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March 2019 Archives

How to Reduce Added Sugar in Your Child's Diet

March 25, 2019

From the American Academy of Pediatrics:

On average, sugar makes up 17% of what children consume each day. That's a lot of sugar―and half of that comes from drinks with added sugar!

Many foods or beverages have extra sugar and syrups added to them when they are processed or prepared. These added sugars have many different names, such as brown sugar, corn sweetener, corn syrup, dextrose, fructose, glucose, high-fructose corn syrup, honey, lactose, malt syrup, maltose, molasses, raw sugar, and sucrose.

Here are ideas for how you can help your family reduce their added sugar intake:

Read nutrition facts labels carefully.
Many foods now list added sugar separately. You also can find added sugar by reading the ingredients. Aim for less than 25 grams (about 6 teaspoons) of added sugar per day for children 2 years of age and older. Avoid serving foods and drinks with added sugar to children under 2 years of age. Learn more about nutrition facts labels here.

Serve water and milk.
Avoid soda, sports drinks, sweet tea, sweetened coffee, and fruit drinks. Milk contains natural sugar (lactose) and provides calcium, protein, vitamin D, and other nutrients children need.

Limit fruit juice.
It has more sugar per serving than whole fruit. The AAP recommends no more than 4 ounces of 100% fruit juice a day for children ages 1 through 3 years; 4 to 6 ounces for children ages 4 through 6; and 8 ounces for children ages 7 through 14. Do not give fruit juice to infants under 1 year old.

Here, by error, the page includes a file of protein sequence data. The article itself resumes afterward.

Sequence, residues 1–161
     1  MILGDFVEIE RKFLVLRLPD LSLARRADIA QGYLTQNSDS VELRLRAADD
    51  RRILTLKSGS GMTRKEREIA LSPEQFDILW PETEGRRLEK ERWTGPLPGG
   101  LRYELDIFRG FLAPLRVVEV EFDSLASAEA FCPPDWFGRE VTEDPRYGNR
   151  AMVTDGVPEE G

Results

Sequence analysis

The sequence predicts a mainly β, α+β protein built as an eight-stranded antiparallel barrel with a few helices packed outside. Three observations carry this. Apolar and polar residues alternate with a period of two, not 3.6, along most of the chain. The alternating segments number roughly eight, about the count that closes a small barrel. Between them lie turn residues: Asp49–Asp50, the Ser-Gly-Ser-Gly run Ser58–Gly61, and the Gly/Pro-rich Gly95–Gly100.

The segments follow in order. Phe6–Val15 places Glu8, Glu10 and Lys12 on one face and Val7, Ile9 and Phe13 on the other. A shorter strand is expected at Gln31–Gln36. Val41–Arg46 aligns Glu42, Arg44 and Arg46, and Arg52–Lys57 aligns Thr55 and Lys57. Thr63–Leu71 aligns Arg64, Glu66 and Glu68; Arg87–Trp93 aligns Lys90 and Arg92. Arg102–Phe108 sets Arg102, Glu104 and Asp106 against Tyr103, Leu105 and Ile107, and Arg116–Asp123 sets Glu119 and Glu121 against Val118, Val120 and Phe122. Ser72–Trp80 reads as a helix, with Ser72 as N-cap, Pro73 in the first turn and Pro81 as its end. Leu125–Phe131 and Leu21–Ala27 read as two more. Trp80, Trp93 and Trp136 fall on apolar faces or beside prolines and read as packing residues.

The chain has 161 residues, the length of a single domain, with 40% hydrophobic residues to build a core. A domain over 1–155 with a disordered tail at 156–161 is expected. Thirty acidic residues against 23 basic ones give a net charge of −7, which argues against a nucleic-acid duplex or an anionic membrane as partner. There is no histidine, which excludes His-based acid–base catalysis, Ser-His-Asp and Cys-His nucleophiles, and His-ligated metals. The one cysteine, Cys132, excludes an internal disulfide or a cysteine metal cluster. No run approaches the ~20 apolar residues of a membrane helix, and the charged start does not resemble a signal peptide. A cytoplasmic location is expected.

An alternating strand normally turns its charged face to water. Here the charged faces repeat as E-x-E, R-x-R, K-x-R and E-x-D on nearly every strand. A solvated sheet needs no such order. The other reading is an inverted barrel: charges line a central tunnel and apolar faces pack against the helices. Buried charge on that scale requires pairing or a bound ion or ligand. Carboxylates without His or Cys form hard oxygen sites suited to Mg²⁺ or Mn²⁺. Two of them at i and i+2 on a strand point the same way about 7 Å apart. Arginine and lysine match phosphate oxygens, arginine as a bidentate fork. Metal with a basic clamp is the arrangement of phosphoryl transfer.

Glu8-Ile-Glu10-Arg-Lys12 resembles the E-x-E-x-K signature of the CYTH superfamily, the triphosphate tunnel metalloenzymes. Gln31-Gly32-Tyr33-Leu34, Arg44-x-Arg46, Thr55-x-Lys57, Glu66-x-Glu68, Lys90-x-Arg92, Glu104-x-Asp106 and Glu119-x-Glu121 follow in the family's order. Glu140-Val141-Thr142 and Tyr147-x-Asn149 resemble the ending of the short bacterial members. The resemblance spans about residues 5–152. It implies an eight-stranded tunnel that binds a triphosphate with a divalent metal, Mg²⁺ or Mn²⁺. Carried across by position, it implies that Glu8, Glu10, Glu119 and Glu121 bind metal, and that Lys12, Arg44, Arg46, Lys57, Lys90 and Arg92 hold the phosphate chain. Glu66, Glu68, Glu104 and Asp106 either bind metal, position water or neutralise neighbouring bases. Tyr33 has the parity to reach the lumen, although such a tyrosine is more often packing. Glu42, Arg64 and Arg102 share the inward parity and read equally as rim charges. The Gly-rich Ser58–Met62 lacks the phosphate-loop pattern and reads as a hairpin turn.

Go fresh and limit processed, pre-packed food and drinks.
Sugar is often added to them while they are being made or at the table. For example, there are hidden sources of added sugar in processed foods like ketchup, dried cranberries, salad dressing, and baked beans.

Satisfy your child's sweet tooth with whole fruit.


FDA Says It Found Asbestos In Makeup At Claire's

March 11, 2019

From NPR News:

U.S. regulators say several makeup products from Claire's stores tested positive for asbestos, a mineral that has been linked to deadly cancers.

The Food and Drug Administration tested makeup from Claire's and the retailer Justice, both of which market their products to young girls and teens. In a statement Tuesday, the agency reported that it found that three product samples from Claire's and one from Justice contained the substance, and it released a safety alert about the products.

Claire's says that "out of an abundance of caution," it has removed the three products -- eye shadows, compact powder and contour powder -- from stores and is "also removing any remaining talc based cosmetic products." Talc is a substance that sometimes contains asbestos and has been linked to lung cancer in miners.

But Claire's says its "products are safe" and disputes the test results, saying they "show significant errors." The retailer says the tests "have mischaracterized fibers in the products as asbestos."

Claire's, which sells jewelry and accessories and pierces ears, is a common sight at shopping malls, with more than 2,400 locations in North America and Europe as of last August.

For more, visit NPR.